Friday, January 24, 2014

Benefits Of Strength Training For Runners - Guest Post by Anja Koschak

Benefits Of Strength Training For Runners

Every runner-no matter if professional or recreational- is always interested in running faster, longer and stronger, but the way to get there is not by simply increasing the distance of your runs (which is a misconception many endurance athletes hold).

If you want to become a more efficient, more successful runner it will certainly work in your favor to incorporate strength training into your weekly workout regimen. Before you jump at my throat with complaints that you are not looking to get “buff”, please settle down and let me assure you that you will not become the next Mr. or Mrs. Universe due to incorporating strength training to your endurance training. What will happen, though, is that you become a more complete, a more well-rounded athlete with far fewer chances of getting injured. Sounds good? Well, lets get into the benefits of strength training for runners in a little more detail, so you will no longer be afraid of the weight room after reading this article.

 1)    Increase in Speed

Although this might sound counter-intuitive it has been proven over and over again that strength training will make you faster due to increased leg strength and better use of energy and oxygen during your runs.

A study proved when put in different groups (1. just running, 2. just strength training, 3. running and strength training combined and 4. a control group), male sports students who combined running and endurance training improved their performance in a 4k time trial by 8.6% and increased their V’O2 max by 10.4%.

The best kind of strength training to increase your running speed is heavy lifting targeting your lower body. Make sure you consult with a personal trainer or a savvy coach before you start a heavy lifting regimen! Good form is KEY.

2)    Body Fat Reduction

In order to become the best, most efficient runner you can be, your body composition should be large percentage of lean muscle mass vs. low body fat. Contrary to popular belief, (moderate) running alone (or any sort of endurance training for that matter) does NOT help you decrease body fat – unless you are running frequently at very high intensity. If that is not you, you need to start strength training in order to build lean muscle and decrease body fat.

3)    Injury Prevention

We all want to feel our best when we run and the last thing you want to happen is to sustain an injury that could side-line you for unknown amounts of time. Many runners suffer from muscle imbalances, joint discomfort, muscle weaknesses or even chronic pain, which all pose a hindrance in the enjoyability and efficiency of their runs. Sounds like something you are experiencing? If so, strength training will help you balance out your muscles, increase your joint stability and help you build a better base for your body, which means that you will be protected from getting injured all too easily.

4)    Better running economy

A study proved that maximal strength training improves running economy. Well-trained runners were divided into an intervention group and a control group. The intervention group performed half-squats 3x a week for 8 weeks in addition to their regular endurance training regimen. The control group continued their usual endurance training throughout said time frame. Results show that the strength training group was able to increase their time to exhaustion at Maximal Aerobic Speed by 21.3%! Note that body weight stayed the same in both groups (no bulking up for you!).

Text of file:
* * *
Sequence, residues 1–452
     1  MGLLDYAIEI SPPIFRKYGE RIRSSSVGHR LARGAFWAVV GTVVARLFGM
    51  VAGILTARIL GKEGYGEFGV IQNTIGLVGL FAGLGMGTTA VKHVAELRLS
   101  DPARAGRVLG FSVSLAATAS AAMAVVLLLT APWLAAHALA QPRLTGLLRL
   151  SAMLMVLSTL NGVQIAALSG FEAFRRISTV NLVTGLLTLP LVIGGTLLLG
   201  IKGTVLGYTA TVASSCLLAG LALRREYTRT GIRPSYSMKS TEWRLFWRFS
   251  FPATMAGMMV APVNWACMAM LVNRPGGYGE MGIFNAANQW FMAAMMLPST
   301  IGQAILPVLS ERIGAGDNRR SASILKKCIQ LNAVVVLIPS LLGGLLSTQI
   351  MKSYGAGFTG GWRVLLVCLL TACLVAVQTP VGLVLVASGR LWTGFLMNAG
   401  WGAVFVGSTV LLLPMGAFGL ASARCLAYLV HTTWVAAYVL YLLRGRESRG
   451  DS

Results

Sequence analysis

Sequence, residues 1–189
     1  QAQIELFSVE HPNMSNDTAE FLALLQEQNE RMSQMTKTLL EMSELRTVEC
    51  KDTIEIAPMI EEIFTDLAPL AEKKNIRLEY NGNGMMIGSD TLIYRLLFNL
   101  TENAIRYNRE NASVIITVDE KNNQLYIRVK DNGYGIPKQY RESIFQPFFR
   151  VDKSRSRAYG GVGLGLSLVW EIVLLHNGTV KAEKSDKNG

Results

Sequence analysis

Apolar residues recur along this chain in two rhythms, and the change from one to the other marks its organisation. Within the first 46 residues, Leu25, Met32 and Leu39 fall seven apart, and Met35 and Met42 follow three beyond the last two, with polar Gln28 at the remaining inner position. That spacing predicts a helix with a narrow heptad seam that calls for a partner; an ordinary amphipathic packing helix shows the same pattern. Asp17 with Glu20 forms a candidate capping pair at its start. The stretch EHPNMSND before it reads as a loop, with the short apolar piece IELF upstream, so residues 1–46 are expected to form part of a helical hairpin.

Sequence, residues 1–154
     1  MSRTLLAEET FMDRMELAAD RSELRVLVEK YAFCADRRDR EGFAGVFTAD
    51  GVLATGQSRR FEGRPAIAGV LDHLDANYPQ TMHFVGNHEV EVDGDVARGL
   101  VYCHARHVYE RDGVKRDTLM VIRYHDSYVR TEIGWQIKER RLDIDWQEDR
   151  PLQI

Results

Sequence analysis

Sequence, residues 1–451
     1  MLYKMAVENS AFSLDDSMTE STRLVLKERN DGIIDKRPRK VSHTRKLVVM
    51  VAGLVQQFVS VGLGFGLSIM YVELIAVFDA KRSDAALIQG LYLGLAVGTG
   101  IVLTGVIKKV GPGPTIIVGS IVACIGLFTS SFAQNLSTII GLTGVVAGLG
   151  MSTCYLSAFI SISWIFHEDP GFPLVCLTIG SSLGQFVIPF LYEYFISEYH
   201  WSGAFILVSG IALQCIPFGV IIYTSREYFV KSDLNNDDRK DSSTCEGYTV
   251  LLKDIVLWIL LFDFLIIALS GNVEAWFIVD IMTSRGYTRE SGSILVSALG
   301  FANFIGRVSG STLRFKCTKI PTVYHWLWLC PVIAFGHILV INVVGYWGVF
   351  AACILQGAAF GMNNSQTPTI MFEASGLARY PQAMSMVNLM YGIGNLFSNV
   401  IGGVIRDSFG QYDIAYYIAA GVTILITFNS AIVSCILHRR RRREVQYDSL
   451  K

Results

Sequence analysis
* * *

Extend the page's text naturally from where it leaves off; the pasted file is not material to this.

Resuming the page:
5)    Better Recovery

Strength training will improve your insulin sensitivity, which is extremely important in order to speed up your metabolism and increase your energy levels as well as prevent you from developing diabetes. (Insulin sensitivity is the relationship between how much insulin needs to be produced in order to deposit a certain amount of glucose.) Due to better metabolism and increased energy levels, your recovery from long runs will be much easier because your body will be able to convert metabolic waste into energy.

Now that we have covered some important aspects of why it is essential for any type of runner (long distance, ultra distance, short distance) to incorporate strength training to their workouts, you might be concerned with time management and how to fit in strength training on top of your running workload. I get it. Chances are, you have a job, you have a family, you already spend a good amount of hours running and the thought of having to fit in weight training at the gym seems daunting if not impossible.
Do not panic! Here is the great news: Experts have agreed that not a lot of time in the gym is required in order to see significant results for your running performance. The common census is that just 30 minutes of 8-12 exercises 2-3 times a week will yield great improvement for your running efforts. While lifting heavier weights will increase your strength and in consequence make you faster, some runners prefer to keep their strength training to all calisthenics (body weight exercises), which in most cases also helps you avoid muscle imbalances and maintain good form during your runs.

Either way you look at it, you cannot deny the great benefits of strength training for endurance athletes- especially runners. I sincerely hope you will make the adjustments needed in order to fit in some strength training in addition to your runs. Be better, be faster, be stronger and always ENJOY the journey!

About the author:

Anja Koschak is a personal trainer and health coach in New York City. 

For her full bio, her blog, exercise videos, pictures and contact visit her website


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